According to Zwiebel, there are some 160,000 students studying at about 450 yeshiva schools in the state, and most of those schools would need to significantly alter their curriculum under the proposed regulations. A better approach, he says, is to work with struggling schools individually to improve secular education.“We have to work on those things and get them straight and do it on individual school-by-school basis rather than creating a new aggressive oversight structure that goes, as far as I’m aware, beyond that which exists in any other of the 50 states,” he said.A similar fight has been playing out in Israel, where attempts by the government to enforce general education standards on publicly-funded ultra-Orthodox schools were met with fierce pushback from community leaders and their political representatives. Some ultra-Orthodox schools in Israel receive exemptions that free them from having to provide core classes in math, science, English and other subjects. Only 12 percent of ultra-Orthodox students received matriculation certificates in the 2015-16 school year, far lower than the 77 percent of students who did so in secular and modern Orthodox schools, according to a 2018 report by the Israel Democracy Institute.As in Israel, some members of the ultra-Orthodox community in New York worry that the proposed regulations are part of a larger effort to change their way of life.“The danger is that if you try to change one thing, it will not stop there. Tomorrow you will say that we need to change our dress code, the way of our beliefs, and so on,” said Volvi Einhorn, 28, a yeshiva graduate who now works at a design firm in Brooklyn.Einhorn said that ultra-Orthodox Jews can do well professionally thanks to the support they receive from others in the community. But Steinberg says that still leaves many people working at jobs far below their potential and does nothing to help people who decide they don’t want to live an ultra-Orthodox lifestyle.“What if I happen to not want to be part of the community anymore?” Steinberg said.Under the proposed rules, private schools that don’t comply with the regulations would lose funding for textbooks, transportation and other state services. If schools don’t comply and parents continue to send their kids there, the parents could potentially face jail time. The Education Department held a public commenting period that ended in September and is currently considering whether to enact the proposal.The proposed regulations stem from a 2015 complaint to New York City’s Education Department by former students of 39 Orthodox schools who alleged that they had not received sufficient instruction in secular studies, particularly English.The letter was organized by Young Advocates for Fair Education, or Yaffed, which advocates for improved education in Orthodox schools. Its founder, Naftuli Moster, grew up attending Hasidic yeshivas in the Brooklyn neighborhood of Borough Park and says he graduated barely being able to speak English.“[The yeshivas] want to continue doing what they’ve been doing, which in our view is mass educational neglect and depriving kids of an education, subjecting them to lives of poverty and dependence on government assistance,” Moster told JTA.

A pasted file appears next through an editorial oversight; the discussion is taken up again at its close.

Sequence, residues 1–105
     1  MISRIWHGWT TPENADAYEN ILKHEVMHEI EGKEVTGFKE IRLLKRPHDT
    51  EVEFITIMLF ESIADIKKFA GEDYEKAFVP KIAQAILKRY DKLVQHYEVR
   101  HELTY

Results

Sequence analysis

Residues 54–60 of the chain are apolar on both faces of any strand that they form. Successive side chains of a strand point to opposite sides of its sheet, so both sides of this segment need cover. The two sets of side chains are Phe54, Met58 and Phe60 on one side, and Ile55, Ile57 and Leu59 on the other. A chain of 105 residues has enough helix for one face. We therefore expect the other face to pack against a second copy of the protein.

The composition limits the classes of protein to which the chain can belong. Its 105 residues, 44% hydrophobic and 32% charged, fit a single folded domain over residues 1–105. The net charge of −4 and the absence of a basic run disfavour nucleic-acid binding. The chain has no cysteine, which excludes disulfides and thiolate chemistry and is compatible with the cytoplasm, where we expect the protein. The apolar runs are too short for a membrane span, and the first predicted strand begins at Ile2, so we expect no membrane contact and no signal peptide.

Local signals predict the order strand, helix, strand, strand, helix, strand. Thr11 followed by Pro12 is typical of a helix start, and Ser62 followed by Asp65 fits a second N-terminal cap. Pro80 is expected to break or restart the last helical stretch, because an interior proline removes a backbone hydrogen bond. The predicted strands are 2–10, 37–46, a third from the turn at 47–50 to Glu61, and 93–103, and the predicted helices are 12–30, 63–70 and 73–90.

To read the article in its entirety, click here.